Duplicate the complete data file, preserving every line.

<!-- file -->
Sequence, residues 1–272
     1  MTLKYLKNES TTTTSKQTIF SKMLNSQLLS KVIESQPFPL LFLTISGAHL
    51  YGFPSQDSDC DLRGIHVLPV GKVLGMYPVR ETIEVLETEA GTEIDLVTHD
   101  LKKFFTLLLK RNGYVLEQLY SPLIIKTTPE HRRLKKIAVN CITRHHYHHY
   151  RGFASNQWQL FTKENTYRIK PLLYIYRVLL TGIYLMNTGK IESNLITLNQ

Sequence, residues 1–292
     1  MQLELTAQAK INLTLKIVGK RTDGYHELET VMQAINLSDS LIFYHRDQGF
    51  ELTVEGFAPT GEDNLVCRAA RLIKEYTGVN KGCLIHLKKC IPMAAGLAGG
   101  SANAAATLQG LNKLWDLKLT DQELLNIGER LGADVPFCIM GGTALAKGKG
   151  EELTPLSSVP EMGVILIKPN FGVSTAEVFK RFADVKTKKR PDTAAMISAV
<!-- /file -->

Sequence, residues 1–272
     1  MTLKYLKNES TTTTSKQTIF SKMLNSQLLS KVIESQPFPL LFLTISGAHL
    51  YGFPSQDSDC DLRGIHVLPV GKVLGMYPVR ETIEVLETEA GTEIDLVTHD
   101  LKKFFTLLLK RNGYVLEQLY SPLIIKTTPE HRRLKKIAVN CITRHHYHHY
   151  RGFASNQWQL FTKENTYRIK PLLYIYRVLL TGIYLMNTGK IESNLITLNQ

Sequence, residues 1–292
     1  MQLELTAQAK INLTLKIVGK RTDGYHELET VMQAINLSDS LIFYHRDQGF
    51  ELTVEGFAPT GEDNLVCRAA RLIKEYTGVN KGCLIHLKKC IPMAAGLAGG
   101  SANAAATLQG LNKLWDLKLT DQELLNIGER LGADVPFCIM GGTALAKGKG
   151  EELTPLSSVP EMGVILIKPN FGVSTAEVFK RFADVKTKKR PDTAAMISAV